Following a week full of MSI action, we are heading into a lengthy break until competitions return. Below is a quick catch-up to get up to speed:
Royal Never Give Up, Xiaohu win second MSI in the organization’s history
Royal Never Give Up were heavy favorites heading into the tournament, and they played their part by lifting the trophy. However, it was not without challenges as DWG KIA pushed them to the limit in a 3:2 thriller where the one-sided final game was the outlier.
Despite ShowMaker’s best efforts throughout the tournament, particularly during the first four games against RNG (5.125 KDA, compared to 3.5 throughout the finals), RNG’s high-level of performance across all lanes and during team fights was too much to handle.
RNG’s victory was also Xiaohu’s second MSI victory, his first as a top laner in an international tournament—making him the first player to win MSI playing two different roles: mid in 2018, and top in 2021.
Source: Riot Games
So close, yet so far: MAD Lions and PSG Talon fall, make statement
Before playing their finals, Royal Never Give Up and DWG KIA overcame PSG Talon and MAD Lions in contested bouts. PSG’s 3:1 loss to RNG is misleading on a score line basis as PSG lost the series through blunders, with RNG snatching victory from the jaws of defeat.
Throughout the event, PSG Talon’s substitute AD carry, Beyond Gaming’s Doggo, shined as the AD carry to watch throughout the tournament as he outperformed players across the board or, at worst, kept pace until team fights highlighted PSG Talon’s flaws as a team.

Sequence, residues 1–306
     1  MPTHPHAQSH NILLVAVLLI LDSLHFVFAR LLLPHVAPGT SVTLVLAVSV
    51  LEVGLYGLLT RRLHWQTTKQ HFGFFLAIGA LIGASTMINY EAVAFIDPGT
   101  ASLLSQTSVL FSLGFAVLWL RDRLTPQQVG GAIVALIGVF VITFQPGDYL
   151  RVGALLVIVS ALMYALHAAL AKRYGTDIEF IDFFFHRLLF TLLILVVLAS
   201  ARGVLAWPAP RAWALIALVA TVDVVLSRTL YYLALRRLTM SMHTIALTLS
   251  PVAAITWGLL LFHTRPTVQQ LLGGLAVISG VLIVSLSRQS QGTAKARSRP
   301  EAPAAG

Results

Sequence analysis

On the other end, MAD Lions’ victories resulted from significant blunders from DK’s bottom lane, an issue that persisted for the Korean team into the finals—but their ability to convert leads into victories against DK was auspicious for the upcoming months as the 2021 World Championship looms.
Source: Riot Games
LPL, LCK to feature four teams at 2021 World Championship
Following the results of the 2020 World Championship and the 2021 Mid-Season Invitational, the LCK has been awarded a fourth seed based on their regional strength in international competitions. The seed comes at the expense of Europe, which the LCK overtook in both events.
In the meantime, the LPL is set to retain the four spots it earned throughout the years—their first appearance in the 2020 World Championship ended with three teams featuring in the quarterfinals. This time around, the news spells doom on many competitors in their future groups as the top four in the LPL is evenly matched.
Following this decision, the World Championship spread is set to follow the quotas below:
- LPL (China): 4 – one play-in team
- LCK (South Korea): 4 – one play-in team
- LEC (Europe): 3 – one play-in team
- LCS (North America): 3 – one play-in team
- PCS (Southeast Asia): 2 – one play-in team
- VCS (Vietnam): 2 – one play-in team
- LCO (Oceania): 1
- CBLoL (Brazil): 1
- LCL (CIS): 1
- TCL (Turkey): 1
- LJL (Japan): 1
- LLA (Latin America): 1
This week in unrelated League of Legends news
- It’s official: Adam has joined Fnatic, and Bwipo is swapping to the jungle. Throw your L9 signs in the air, everyone.
- FlyQuest is rebranding and aligning itself closer to its environment-friendly initiatives.